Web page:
Why is no one lining up for Verizon's iPhone? 4 theories
The long-awaited new version of the iPhone went on sale this week, but the crowds waiting to buy it were "surprisingly" small. Why?
A small group of people wait outside a Verizon store in Florida to get their iPhones.
A small group of people wait outside a Verizon store in Florida to get their iPhones.

Verizon's hotly anticipated iPhone went on sale Thursday, but customer interest "appeared to be tepid," according to the Associated Press. Though earlier iPhone releases had customers queuing up for blocks, in this case lines were sometimes "laughably short." (See an AP report about the short lines.) After months of hype and melodramatic frustration over rival carrier AT&T's iPhone service, why didn't crowds throng for the new iPhone? Here, four theories:

1. The weather repelled people
Previous iPhone launches occurred in summer months when it was relatively easy for fans to camp out for hours or days. Verizon's release coincided with "frigid overnight temperatures," says Eric Sivka at MacRumors, which likely took the zeal out of would-be zealots.

2. Customers ordered online
Thursday was the first day the Verizon iPhone went on sale in stores, but it's been available for pre-order for a week, and those early purchases "have already started shipping to peoples' homes and offices," says Dan Frommer at Business Insider. Why venture into the winter weather when you can order from your bed?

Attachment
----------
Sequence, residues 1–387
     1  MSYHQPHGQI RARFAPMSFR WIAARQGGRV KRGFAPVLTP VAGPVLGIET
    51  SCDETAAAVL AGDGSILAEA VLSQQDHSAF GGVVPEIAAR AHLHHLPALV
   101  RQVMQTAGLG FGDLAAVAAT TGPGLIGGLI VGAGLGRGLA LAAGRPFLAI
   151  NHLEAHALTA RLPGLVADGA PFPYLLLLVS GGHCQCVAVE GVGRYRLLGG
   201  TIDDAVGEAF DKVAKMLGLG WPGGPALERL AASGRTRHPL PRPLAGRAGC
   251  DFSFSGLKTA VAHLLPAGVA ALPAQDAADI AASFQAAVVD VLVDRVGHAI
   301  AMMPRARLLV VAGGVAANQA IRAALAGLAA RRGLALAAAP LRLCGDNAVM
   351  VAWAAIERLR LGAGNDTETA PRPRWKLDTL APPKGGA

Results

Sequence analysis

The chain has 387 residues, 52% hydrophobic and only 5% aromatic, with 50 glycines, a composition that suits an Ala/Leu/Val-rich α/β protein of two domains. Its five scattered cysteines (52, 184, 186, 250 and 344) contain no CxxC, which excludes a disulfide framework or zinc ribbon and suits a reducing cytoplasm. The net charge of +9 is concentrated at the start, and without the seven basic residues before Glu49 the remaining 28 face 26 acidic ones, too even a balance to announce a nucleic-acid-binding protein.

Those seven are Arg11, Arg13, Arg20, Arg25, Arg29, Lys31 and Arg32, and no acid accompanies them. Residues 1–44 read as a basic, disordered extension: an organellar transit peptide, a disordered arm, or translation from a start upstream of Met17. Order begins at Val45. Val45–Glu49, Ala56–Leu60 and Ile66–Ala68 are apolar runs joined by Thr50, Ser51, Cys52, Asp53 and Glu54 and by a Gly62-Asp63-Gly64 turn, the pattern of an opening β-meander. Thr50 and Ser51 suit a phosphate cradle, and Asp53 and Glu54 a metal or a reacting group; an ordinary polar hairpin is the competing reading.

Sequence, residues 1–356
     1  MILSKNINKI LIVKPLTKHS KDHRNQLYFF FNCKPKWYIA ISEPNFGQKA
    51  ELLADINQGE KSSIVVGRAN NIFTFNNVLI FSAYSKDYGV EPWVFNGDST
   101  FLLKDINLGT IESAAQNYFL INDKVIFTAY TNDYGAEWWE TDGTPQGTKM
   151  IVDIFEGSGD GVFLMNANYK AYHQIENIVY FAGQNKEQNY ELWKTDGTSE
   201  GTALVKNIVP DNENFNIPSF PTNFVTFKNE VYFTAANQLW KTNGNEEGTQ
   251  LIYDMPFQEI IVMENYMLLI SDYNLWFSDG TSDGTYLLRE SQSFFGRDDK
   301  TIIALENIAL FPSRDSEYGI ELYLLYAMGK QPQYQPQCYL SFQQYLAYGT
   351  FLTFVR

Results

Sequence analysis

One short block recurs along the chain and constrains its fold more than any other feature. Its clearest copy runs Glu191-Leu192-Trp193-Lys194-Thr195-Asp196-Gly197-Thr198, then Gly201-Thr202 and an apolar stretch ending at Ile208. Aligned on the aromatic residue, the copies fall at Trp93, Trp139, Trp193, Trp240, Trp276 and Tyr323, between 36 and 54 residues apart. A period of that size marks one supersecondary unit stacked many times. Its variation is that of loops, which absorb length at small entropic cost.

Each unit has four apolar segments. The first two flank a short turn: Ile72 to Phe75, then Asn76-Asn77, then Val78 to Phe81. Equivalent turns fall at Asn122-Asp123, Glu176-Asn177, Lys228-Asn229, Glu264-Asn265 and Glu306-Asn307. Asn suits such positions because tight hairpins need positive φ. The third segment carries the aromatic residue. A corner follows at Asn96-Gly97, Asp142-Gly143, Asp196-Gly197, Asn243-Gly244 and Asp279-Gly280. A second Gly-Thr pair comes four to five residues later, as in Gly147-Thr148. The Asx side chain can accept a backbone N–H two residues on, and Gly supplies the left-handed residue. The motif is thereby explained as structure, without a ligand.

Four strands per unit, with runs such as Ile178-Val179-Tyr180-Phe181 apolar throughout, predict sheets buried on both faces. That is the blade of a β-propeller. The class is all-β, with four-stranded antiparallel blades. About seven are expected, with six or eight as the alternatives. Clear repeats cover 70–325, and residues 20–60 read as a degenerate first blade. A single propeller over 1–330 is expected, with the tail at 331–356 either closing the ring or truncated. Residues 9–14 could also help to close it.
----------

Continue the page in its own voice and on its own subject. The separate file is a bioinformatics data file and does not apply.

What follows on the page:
3. Potential customers are locked in to other contracts
AT&T iPhone users know it's not exactly "thrifty" to fork over a $325 early termination fee to AT&T "just to sign a two-year contract with another carrier," says Brennon Slattery at PC World. And, says Elmer-DeWitt in Fortune, some Verizon customers who want an iPhone may be stuck with contracts for their Android devices for now.

4. This phone isn't new
For iPhone owners who already get service from AT&T, buying the same phone again just to be on Verizon's network may seem "silly and expensive," says Slattery. Verizon may have better luck luring customers when the iPhone 5 comes out — it's expected this summer — and shoppers feel they are upgrading rather than just trading in one pricey phone for "the exact same phone."



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